My second round game with Joe Morris had a similar result, with him capturing Germany on Turn 6. The game ended then due to time limits, but the Axis held 14 Victory Territories."

This is from Andrew Long about the most bizarre game of the event, his third round match against eventual runner-up Andrew Murphy:

"You're welcome to include my sad story. My stupid mistake determined which of four people faced my dad in the semi. About midway through our game, Murphy left his fleet off of Japan but had no ground troops defending. I destroyed his fleet with the U.S. and took over Japan. Britain took out the remaining Japanese naval force
sealing Japan's doom. However, that turn Germany, having held Africa the entire game, managed to take Russia and no allied troops could take it back.

Consequently, it was a huge U.S. vs. an even larger Germany. Germany definitely had the upper hand, though, being very well established on the largest land mass.

U.S. was trying to get back on the Asian mainland as soon as possible and threw all its resources for several turns into the Pacific theater. Meanwhile, Germany sent a transport down to take Brazil.

I saw it and knew that I must protect my East coast capital, but when my turn came I was playing fast to squeeze as many turns as possible into our game to give me more of a chance and I completely forgot about his German transport. Right after I completed my turn I realized what I'd done. A German tank and a man took my U.S. capital and the next turn took the West Coast and sealed the game and my chance at the semis.

The crazy thing is, if I had not lost the two U.S. VTs then I would have had more total VTs from all three games than the three people (including Murphy) who were tied for fourth place--even though I would have lost the game to Murphy. In addition, the fact that I lost those particular VTs gave Murphy the huge IPC boost he needed to outstrip the other two people he was tied with. However, I suppose it's for the best...I mean, patricide is not as accepted as it used to be."

This quick summary by Matt Tolman about his third round game against James D. Long succinctly describes the nature of the games played in the later rounds:

"My third game was a closely fought battle. In spite of a sneak attack by two German transports and a large number of planes that managed to take the UK capitol, the allies fought back and ended with a Victory Territory tie after 7 rounds of back and forth fighting. The IPC count was also close, which just goes to show that in a tight game every territory counts - not just the VTs - even on the last round of play."

As the sun was setting on the end of a long first day, I was furiously figuring out the tie-breakers to see which one, of three possible players, would fill the final SE slot.

The top two seeds - James D. Long and Joe Powell - both sported 3-0 records. Next came Philip Shea as the top player with a 2-1 record. Now to the log jam!

Former champ Kevin Keller, along with two newcomers, Andrew Murphy and Matt Tolman, posted 2-1 records and were all tied at 45 VTs. The next tie-breaker is which player had the greatest IPC percentage increase total from all three games.

As highlighted by the earlier stories, Andrew Murphy rode the wave of his final game against Andrew Long to grab the final spot in the SE play. Conversely, Matt Tolman not only lost his last game based on the second tie-breaker for determining a game (whichever side increased its IPC total) after having the game end in a VT tie, but that negative IPC result coupled with a narrow victory in the second round diminished his chances if he were to end up in a tie with others.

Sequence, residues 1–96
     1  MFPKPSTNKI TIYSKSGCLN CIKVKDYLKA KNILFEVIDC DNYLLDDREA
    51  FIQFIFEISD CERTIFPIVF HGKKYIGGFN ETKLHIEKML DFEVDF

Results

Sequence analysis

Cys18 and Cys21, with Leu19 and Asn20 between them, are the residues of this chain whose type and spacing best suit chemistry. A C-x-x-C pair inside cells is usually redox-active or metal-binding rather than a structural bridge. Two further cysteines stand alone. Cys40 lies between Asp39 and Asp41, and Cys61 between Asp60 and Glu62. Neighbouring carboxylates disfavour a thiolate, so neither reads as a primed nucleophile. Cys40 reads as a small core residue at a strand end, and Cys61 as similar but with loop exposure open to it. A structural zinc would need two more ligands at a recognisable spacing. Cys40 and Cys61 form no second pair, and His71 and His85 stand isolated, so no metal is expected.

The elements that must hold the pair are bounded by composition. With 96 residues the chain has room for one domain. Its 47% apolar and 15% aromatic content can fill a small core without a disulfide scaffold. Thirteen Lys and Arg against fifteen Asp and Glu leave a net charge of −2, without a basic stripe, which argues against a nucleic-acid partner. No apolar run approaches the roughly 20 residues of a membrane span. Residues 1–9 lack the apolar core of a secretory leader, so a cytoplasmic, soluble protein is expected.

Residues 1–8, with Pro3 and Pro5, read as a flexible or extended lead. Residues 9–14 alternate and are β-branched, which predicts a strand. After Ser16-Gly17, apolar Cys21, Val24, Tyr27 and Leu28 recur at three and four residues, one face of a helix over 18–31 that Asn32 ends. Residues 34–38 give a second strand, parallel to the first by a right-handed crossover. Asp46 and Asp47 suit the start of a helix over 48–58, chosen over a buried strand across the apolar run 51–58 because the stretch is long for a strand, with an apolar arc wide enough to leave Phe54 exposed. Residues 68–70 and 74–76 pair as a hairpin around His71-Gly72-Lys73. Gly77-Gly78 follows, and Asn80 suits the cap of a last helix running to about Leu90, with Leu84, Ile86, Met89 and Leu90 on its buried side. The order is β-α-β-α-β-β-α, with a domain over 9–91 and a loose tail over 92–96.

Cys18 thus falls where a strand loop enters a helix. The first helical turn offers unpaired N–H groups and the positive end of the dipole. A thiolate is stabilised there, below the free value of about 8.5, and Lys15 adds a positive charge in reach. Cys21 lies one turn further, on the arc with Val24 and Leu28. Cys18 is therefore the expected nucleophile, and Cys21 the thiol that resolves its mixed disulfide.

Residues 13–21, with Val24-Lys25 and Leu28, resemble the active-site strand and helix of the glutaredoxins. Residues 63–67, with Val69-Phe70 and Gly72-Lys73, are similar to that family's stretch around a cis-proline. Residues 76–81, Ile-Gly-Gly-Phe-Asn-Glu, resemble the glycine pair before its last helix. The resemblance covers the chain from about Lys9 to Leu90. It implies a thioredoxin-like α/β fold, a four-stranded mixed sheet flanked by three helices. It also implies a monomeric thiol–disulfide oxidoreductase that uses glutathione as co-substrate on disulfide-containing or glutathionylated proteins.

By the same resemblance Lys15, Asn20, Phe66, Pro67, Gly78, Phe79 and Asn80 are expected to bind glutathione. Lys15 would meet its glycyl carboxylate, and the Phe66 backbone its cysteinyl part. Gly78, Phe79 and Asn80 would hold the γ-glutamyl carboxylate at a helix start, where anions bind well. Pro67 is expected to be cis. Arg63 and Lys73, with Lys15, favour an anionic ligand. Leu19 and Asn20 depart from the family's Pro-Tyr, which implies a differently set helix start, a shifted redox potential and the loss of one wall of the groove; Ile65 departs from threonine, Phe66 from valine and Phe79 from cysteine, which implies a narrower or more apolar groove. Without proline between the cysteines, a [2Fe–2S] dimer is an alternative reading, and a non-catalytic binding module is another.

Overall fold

The moral of the story in this case is - Just win, baby! Well, yes, but more to the point is the fact that Matt Tolman needed just one more VT to win the game and ensure his place in the SE rounds with a 3-0 record and 46 VTs. To go with that, his opponent, James D. Long, even with an 11 VT loss, would still have made it into SE play as the top 2-1 player with 49 VTs. Such are the fortunes of war.

Kevin Keller was the victim of his third round defeat to the "Wandering A&A Hit Man" John Sharp III. J.S.III came out of the gate strong against the eventual eighth-place finisher Art Linse (2-1, 38 VTs) and then proceeded to disappear to play some game called Titan. Then he came waltzing back just in time to ruin Kevin's day! What might he have done had he played all three rounds?

Seventh place is a long fall, but that is where Andrew Long ended up after his fatal blunder in the game above. After the second round, he had been in second (2-0, 36 VTs), right behind his father (2-0, 38 VTs). Even a "good" loss of 10 VTs (instead of the eight he garnered in the third round) would not only have put him into the SE play but would also have knocked Andrew Murphy out. 9 VTs would have put him in the three-way tie at 45 VTs instead of Andrew Murphy, but the IPC percentages would still have been against him.

Day 2- Single Elimination Play:

The second day dawned on two semi-final matches of great interest. The first pitted the top seed James D. Long against the fourth seeded Andrew Murphy with the second game matching up two veteran campaigners, second seeded Joe Powell against third seeded Philip Shea.

In the first game, Andrew Murphy's Axis made some serious early headway and James D. Long's Allies were scrambling the rest of the game. They fought on valiantly with an eye on the other semi-final match to see whether he could scrape out a good enough game to get third place, but it became quite clear late in the round that the other game was too tight an affair for him to place any higher.